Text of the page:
VIDEO: D-Day vet Stanley’s 90th joy

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A war hero who took part in the D-Day landings and fought across Europe during the Second World War has celebrated his 90th birthday.

Stanley Melling, of Stockdove Way, Cleveleys, was joined by dozens of family and friends at his home yesterday to mark the special occasion.

Veteran Stanley Melling celebrates his 90th birthday

Veteran Stanley Melling celebrates his 90th birthday

Mr Melling, who enlisted when he was just 18, fought as part of The Green Howards regiment reaching the rank of corporal.

He took part in the D-Day landings in June 1944, fighting in Belgium, the Netherlands and Germany, as well as helping to liberate the Nazi concentration camp at Bergen-Belsen.

The Normandy landings were the landing operations in June 1944 of the Allied invasion of Normandy in Operation Overlord during the Second World War.

The 90-year-old also survived a German artillery attack – suffering major wounds to his leg and arm.

Veteran Stanley Melling celebrates his 90th birthday

Veteran Stanley Melling celebrates his 90th birthday

Born in Bradford, Yorkshire, in 1925, he trained in Berwick-upon-Tweed for six weeks before travelling to Richmond, London and onto France.

Mr Melling, who admitted he “thanks the Lord everyday” for being alive, told The Gazette he was not scared before the D-Day landings started – just prepared to do what he was told.

He said: “You could not say to your commanding officer, ‘sorry sir, I do not want to go’.

“You just did it.

Veteran Stanley Melling celebrates his 90th birthday.  Pictured with him are L-R Alan Kennedy, Doris Melling, Lynn Kennedy, Glennis Townend and Nina Ramsden.

Veteran Stanley Melling celebrates his 90th birthday. Pictured with him are L-R Alan Kennedy, Doris Melling, Lynn Kennedy, Glennis Townend and Nina Ramsden.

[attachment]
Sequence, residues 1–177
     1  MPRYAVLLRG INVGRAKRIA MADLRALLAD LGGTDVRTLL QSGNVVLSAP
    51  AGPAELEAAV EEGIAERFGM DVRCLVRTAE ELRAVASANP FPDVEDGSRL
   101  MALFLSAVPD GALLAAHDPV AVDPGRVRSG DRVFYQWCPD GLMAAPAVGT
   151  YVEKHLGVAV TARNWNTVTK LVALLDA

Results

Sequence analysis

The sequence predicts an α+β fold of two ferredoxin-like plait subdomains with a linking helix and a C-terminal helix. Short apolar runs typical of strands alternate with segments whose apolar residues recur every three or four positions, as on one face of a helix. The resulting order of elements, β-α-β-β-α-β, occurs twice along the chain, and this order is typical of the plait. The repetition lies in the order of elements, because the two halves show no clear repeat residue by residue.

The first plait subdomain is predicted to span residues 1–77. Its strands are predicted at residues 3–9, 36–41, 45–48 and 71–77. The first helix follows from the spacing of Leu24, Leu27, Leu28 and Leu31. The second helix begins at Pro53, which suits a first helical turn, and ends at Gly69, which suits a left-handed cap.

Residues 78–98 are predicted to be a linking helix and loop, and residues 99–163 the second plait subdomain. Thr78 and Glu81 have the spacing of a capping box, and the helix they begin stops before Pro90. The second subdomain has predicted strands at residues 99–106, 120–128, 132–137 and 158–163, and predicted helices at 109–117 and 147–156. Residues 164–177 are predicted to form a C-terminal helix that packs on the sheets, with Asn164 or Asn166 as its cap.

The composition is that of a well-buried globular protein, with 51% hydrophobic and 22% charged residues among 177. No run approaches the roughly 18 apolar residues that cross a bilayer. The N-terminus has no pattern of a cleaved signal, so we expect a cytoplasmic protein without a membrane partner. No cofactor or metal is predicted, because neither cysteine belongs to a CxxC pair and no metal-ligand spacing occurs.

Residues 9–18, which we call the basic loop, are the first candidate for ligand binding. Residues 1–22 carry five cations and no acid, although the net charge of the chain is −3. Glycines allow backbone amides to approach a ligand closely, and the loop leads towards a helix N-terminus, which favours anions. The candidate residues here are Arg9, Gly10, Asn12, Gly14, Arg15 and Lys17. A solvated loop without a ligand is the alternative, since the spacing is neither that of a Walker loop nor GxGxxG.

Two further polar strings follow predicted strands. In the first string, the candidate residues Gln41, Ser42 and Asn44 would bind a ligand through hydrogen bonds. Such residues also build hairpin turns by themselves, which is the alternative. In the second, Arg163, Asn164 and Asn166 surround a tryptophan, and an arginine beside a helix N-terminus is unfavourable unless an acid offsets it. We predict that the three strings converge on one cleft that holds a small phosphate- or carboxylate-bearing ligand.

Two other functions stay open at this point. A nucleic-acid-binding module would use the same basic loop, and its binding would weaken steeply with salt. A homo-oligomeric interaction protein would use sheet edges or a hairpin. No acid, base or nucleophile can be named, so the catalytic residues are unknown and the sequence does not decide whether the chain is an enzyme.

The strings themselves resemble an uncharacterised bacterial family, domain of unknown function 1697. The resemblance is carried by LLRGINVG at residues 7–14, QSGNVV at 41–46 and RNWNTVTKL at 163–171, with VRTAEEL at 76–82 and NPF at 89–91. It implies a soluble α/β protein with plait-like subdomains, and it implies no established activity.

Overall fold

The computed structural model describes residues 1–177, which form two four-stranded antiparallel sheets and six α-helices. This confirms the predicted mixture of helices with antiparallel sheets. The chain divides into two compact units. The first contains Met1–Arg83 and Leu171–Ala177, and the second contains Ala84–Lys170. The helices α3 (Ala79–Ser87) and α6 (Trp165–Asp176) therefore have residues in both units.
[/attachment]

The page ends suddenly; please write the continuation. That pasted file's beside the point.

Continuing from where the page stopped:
“When we reached Normandy on the landing craft the front opened and we all piled out.

“We had to wade through water up to our necks and then get down on the beach and lie flat.

“The Germans were firing bullets over our heads. My commanding officer said ‘get up and get over the hill’.

“I always remember running up and seeing a young German soldier dead on the ground.

“A few days into the fighting we approached a farmhouse but did not realise it had Germans inside. They shot at us and I dived for cover, wading through a field. My backpack was destroyed by bullets.

“I tried to get away over a fence but was hit by shrapnel to my left arm and leg.

“I had to come home for six weeks for treatment.”

After his shrapnel wounds healed he fought throughout Europe, liberating Bergen-Belsen before reaching Berlin.

He added: “Belsen was awful. I remember these malnourished women asking ‘Englander, Englander, water’. We did not have the time to stay and help them.”

He returned after the war and married wife Doris, 87, before joining the Post Office, working as a delivery driver for 33 years.

The 90-year-old moved to Blackpool in 1965 with Doris, living in Highcroft Avenue, Bispham, before moving to Stockdove Way nine years ago.

The couple have a daughter, Lynne, one grandson, two step-grandchildren and two great-great grandchildren.

His family hope he will received the Legion D’Honneur, one of France’s highest honours, an award for all surviving veterans from the Normandy Landings, but Mr Melling said he is just happy with his birthday gifts – champagne and ale.

What were the D-Day landings and what were Gold Beach’s targets?

The Normandy landings were the landing operations in June 1944 of the Allied invasion of Normandy in Operation Overlord during the Second World War.

It was the largest seaborne invasion in history, the operation was the start of the liberation of German-occupied northwestern Europe from Nazi control and contributed to the Allied victory on the Western Front.

Mr Melling took part in the invasion known as Gold Beach.

Gold Beach was the centre of five key points the Allies used in a major offensive to re-take France.

The Allied objectives at Gold were to secure a beachhead, establish contact with the American forces at Omaha, capture Bayeux and the small port at Port-en-Bessin, and to link up with the Canadian forces at Juno to the east.